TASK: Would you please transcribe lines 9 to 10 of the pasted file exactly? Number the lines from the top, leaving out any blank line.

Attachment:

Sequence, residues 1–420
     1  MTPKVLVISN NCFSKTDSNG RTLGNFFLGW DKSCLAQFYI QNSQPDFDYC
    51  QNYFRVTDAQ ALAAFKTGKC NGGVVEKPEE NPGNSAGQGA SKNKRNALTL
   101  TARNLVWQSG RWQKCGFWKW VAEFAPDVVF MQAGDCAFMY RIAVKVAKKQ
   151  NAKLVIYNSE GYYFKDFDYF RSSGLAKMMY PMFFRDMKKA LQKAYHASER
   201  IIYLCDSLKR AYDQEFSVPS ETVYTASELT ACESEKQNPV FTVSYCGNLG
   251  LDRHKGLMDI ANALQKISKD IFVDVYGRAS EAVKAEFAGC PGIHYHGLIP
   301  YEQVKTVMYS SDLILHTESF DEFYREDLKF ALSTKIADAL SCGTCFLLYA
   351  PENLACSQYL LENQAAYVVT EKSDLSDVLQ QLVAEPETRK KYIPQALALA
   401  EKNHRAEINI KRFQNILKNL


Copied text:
   351  PENLACSQYL LENQAAYVVT EKSDLSDVLQ QLVAEPETRK KYIPQALALA
   401  EKNHRAEINI KRFQNILKNL